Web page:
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4 Amazing Places To Travel in Spring

4 Amazing Places To Travel in Spring

Spring is dawning upon us and it’s safe to say we are all anticipating the blooming of beautiful flowers and the smell of fresh grass that comes in abundance with the season. It’s the start of a new season and in some ways, it signifies the start of a new beginning. Some cultures around the world choose to celebrate New Year’s on the 1st day of Spring instead of the 1st of January.

For example, Iranians celebrate Nowruz as a symbol of a New Year. It defines the harvest festival and the month of food and life’s beauty. Hindus, on the other hand, celebrate Ponggal, which is the New Year’s Day for all Hindu believers. With various festivals celebrating their New Year in the start of spring, it excites us to travel and go around the world enjoy the festivities the world has to offer.

So, where are some places can you go? Below we provide a comprehensive list of four incredible places to ring in the new year with style and all of the beauty and warm weather that comes with the spring season.

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    1. Cartagena, Columbia

    Cartagena is a Columbian city famous for its old history and beautiful culture. Columbians, in general, are known for their bright culture and their lively attitude. Cartegena’s Old Town has been made one of the UNESCO Heritage sites due to its unique architecture. Surrounded by cobbled alleys, balconies covered with bougainvillea, and churches that would take your breath away, it’s a rich source of beauty and culture.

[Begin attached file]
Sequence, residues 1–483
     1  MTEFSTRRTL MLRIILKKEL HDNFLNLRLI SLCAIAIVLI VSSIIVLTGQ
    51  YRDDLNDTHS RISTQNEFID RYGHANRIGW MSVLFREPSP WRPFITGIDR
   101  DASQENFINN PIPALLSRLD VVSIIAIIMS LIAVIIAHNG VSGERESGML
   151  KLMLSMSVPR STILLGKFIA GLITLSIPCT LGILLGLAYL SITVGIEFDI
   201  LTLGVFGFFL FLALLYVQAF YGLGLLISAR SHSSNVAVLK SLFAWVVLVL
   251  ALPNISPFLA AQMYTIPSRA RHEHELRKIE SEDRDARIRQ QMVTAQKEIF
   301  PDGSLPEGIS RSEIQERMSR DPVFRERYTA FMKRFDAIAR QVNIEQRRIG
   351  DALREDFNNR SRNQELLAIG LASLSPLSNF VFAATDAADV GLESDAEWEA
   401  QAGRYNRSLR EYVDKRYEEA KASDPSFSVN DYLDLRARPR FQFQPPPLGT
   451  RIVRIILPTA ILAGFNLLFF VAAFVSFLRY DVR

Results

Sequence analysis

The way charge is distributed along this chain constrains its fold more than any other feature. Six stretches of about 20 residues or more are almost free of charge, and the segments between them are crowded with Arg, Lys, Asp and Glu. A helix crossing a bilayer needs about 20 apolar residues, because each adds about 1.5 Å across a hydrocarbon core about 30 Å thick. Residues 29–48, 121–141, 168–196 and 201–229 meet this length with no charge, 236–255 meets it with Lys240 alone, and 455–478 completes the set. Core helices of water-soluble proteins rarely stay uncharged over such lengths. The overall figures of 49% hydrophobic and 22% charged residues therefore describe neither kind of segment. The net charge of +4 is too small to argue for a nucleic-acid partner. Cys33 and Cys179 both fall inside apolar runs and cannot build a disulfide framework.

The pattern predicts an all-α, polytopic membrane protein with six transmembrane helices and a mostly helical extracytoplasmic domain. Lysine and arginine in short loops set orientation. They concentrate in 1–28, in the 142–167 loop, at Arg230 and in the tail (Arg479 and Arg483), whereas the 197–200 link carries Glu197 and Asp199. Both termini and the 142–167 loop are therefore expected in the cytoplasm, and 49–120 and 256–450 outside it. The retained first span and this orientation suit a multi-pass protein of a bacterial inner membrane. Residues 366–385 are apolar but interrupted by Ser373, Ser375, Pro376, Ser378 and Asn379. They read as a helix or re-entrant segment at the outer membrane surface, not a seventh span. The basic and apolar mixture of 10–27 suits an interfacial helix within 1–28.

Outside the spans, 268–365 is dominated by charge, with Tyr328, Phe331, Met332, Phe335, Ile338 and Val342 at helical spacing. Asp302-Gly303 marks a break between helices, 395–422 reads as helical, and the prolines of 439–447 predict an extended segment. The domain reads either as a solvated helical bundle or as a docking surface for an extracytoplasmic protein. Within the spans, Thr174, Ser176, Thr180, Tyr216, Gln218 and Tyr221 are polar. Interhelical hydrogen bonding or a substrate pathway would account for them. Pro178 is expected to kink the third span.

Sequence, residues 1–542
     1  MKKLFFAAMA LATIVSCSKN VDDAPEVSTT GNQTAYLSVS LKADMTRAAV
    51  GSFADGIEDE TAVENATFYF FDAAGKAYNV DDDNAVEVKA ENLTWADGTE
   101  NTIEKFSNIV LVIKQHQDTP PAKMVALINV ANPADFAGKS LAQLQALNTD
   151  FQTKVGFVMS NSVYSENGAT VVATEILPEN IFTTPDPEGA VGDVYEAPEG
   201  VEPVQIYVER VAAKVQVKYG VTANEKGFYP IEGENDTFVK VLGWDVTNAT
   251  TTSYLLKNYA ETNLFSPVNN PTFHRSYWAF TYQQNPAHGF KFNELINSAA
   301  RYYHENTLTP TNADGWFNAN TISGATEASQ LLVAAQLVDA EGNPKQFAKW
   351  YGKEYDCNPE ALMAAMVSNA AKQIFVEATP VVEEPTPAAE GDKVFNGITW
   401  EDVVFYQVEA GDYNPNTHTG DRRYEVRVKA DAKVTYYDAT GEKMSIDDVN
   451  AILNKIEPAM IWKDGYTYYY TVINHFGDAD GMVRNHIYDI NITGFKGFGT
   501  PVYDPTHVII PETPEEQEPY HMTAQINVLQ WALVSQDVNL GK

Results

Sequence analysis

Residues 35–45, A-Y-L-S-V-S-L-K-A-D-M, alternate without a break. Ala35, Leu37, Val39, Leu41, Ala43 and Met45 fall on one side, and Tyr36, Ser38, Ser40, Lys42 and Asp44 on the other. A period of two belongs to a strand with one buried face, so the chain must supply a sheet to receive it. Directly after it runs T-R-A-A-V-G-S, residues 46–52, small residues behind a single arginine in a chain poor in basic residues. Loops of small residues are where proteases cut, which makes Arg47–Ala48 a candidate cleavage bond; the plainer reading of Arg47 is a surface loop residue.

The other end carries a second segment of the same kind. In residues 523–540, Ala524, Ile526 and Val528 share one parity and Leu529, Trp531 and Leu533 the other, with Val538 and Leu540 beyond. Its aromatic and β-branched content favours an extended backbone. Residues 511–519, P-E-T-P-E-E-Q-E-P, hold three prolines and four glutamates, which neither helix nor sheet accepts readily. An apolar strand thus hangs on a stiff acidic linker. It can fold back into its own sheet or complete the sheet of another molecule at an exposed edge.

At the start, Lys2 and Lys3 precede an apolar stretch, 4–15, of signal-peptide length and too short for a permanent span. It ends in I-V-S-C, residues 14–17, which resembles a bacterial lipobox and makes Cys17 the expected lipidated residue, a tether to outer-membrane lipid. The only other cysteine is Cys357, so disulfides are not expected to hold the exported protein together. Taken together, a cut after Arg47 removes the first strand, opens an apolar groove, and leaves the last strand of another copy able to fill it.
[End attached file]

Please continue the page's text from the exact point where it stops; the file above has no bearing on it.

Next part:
Cartagena is a place where you leave all your touristic habits behind, as well as your typical way of traveling. In this place, you are inclined to indulge in relaxation and enjoying the calm sun and beautiful flowers. Strolling down the Old Town and breathing the culture of the Columbians, you’ll find yourself open to change and motivated for the whole year.

    If you want to feel like a true Cartagenos, then head to Bocagrande, the Cartagena’s Miami Beach, to sip a fine cup of coffee and enjoy the view.

    You won’t regret it.

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      2. Canmore and Banff, Alberta